James Ellroy: Perfidia
The good thing about James Ellroy is that his prose has style, or to be more precise, his prose is other than the approved plain style. The bad thing about Ellroy is that—and this is something that threatens any writer who attempts something other than that safe plain style—his style had become mannered. In the last Ellroy I read, and this was some years ago, it seemed to me that his prose style had become a parody of itself: taut and austere had become all one sentence paragraphs, one word sentences, and I tired of it. Further, since his characters walk the same mean streets as Philip Marlowe, it was hard not to draw comparisons. Ellroy came up short in those comparisons, but to be fair, so does pretty much any other writer of this kind of fiction. But . . . I decided to give him another try. With Perfidia he's launched a new series of novels set in and around Los Angeles. This one takes place during the days just before and after Pearl Harbor, and if the novel has one great strength it his his demystification of the "greatest generation," those sometimes heroic alcoholic racists and bigots about whom, for our sins, we hear so much. Such demystification is more than welcome, and I was so sucked into the labyrinthine scheming of his characters, some of whom, like Bette Davis and Fletcher Bowron, existed off the page, that the style became a non-issue. When I purposely slowed my pace to have a close look at what Ellroy was doing with words I found that he had drifted toward the safe plain style and away from machine gun bluntness, and this did not seem to me to be a bad thing. His prose will never be literary—thank the GSM for that—but it now seems appropriate for the stories he wants to tell.
Samuel Taylor Coleridge: Samuel Taylor Coleridge: Selected Poems (Phoenix Poetry)
It was nice to sit down and not just read the odd Coleridge poem here and there, but to read several together. One sees, at least in this collection, his Christianity drop away and his gloom increase, and can only speculate on the role opium played in all this. I'm eager now to sit down with the Coleridge biography that's been sitting on my shelf for a decade or so.
Tim Powers: Medusa's Web: A Novel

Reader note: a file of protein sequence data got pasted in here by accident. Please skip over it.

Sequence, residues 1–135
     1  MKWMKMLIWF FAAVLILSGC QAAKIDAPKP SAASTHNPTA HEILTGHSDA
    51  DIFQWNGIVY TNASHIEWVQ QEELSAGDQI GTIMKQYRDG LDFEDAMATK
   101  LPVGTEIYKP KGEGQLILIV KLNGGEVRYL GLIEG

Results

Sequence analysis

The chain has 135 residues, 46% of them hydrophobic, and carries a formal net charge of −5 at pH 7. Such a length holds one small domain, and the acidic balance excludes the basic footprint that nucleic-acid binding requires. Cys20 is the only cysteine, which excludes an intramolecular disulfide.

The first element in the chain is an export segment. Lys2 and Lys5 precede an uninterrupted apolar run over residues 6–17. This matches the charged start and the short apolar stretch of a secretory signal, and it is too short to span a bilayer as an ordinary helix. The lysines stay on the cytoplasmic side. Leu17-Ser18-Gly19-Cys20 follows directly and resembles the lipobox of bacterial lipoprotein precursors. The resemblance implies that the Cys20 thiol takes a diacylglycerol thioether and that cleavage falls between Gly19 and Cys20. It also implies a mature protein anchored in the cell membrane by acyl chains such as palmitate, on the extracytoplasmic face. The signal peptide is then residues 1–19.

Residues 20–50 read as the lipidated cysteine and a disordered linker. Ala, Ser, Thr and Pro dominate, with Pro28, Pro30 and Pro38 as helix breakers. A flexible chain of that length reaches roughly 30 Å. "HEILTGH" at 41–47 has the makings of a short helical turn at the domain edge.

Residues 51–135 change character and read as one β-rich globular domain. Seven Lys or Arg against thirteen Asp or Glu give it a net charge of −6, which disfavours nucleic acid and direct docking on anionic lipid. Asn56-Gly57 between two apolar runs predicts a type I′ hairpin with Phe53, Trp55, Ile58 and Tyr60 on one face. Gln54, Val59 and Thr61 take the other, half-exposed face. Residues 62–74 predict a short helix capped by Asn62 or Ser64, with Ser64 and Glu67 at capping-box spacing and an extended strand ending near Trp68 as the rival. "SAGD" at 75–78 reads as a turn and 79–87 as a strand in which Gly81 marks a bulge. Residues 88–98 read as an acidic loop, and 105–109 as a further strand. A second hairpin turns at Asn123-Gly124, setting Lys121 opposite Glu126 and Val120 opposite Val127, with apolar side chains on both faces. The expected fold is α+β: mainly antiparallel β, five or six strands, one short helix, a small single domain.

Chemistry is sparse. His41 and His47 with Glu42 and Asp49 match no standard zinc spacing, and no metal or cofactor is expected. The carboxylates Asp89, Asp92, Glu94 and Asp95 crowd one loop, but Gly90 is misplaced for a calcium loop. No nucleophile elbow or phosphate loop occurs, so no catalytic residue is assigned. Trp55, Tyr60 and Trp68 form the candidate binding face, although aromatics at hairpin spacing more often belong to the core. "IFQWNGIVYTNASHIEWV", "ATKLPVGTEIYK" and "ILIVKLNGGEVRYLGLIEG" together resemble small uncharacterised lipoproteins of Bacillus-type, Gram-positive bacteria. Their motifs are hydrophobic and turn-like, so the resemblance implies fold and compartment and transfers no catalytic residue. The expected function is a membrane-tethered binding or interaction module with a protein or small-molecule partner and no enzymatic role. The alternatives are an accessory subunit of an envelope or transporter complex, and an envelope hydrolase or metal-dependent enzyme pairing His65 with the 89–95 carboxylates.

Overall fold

An artful mix of science fiction and Hollywood fiction that will ring true to those of us who have lived in Hollywood, but were not in "the business." Tim Powers gets the landscape right, and that provides a good grounding for the truly other aliens he creates and those aliens' meddling in human affairs, particular the affairs of an odd family in a gothic estate—such places exist—just a few blocks north of Sunset. Unfortunately, and since I read this novel right after Jeanette Winterson's The Passion this was thrown into stark relief, Powers's sentences get the job done, but that is all.
Jeanette Winterson: The Passion
I remember when books like Oranges are Not the Only Fruit were appearing and readers around me, readers I respected, were excited. Somehow, though I never picked up a Jeanette Winterson novel until now. My loss. The Passion is a superb historical novel, that is superb precisely because it does not foreground the fustian and tedious detail that weigh down much of that genre, but rather is a book that can be read for its beautiful sentences. Set during the Napoleonic wars it weaves together the story of a cook in Napoleon's army and that of a gambler from Venice. One moves eagerly between the two tales, and the delight is only doubled when the story lines come together. Now, to start getting caught up with the rest of Winterson's work.
Giuseppe di Lampedusa: The Leopard
A self-aware Sicilian prince, the Leopard of the title, in the time of Garibaldi observes the world he has known crumble. Occasionally sad, occasionally furious, he watches for the most part with detachment; his creator, the author, Giuseppe di Lampedusa, views the Prince with humor and affection as he ambles through his life. There is no great action in the book, but Di Lampedusa makes the characters who surround the prince--Sicilians and Northerners, new men and old--human. His compassion for his characters, however flawed they are, reminds one, though the milieu couldn't be more different, of the greatest of all humanist artists, Yasujiro Ozu.
Edmund Crispin: Holy Disorders: Gervase Fen #2
I guess a novel published in the mid-1940s still qualifies as a Golden Age mystery, and thus legitimately partakes of the cleverness and silliness that characterize that category. One unusual aspect of Edmund Crispin's Gervase Fen books is that the title character, though typically eccentric and erudite, is also entirely unappealing. Indeed one becomes much more interested in characters who appear in this novel, Holy Disorders, but will not return in the rest of the series, because, well, they can't. I'd better stop here before giving anything away, because solving the puzzle is a big part of the attraction of novels of this sort, and advance knowledge would spoil the fun.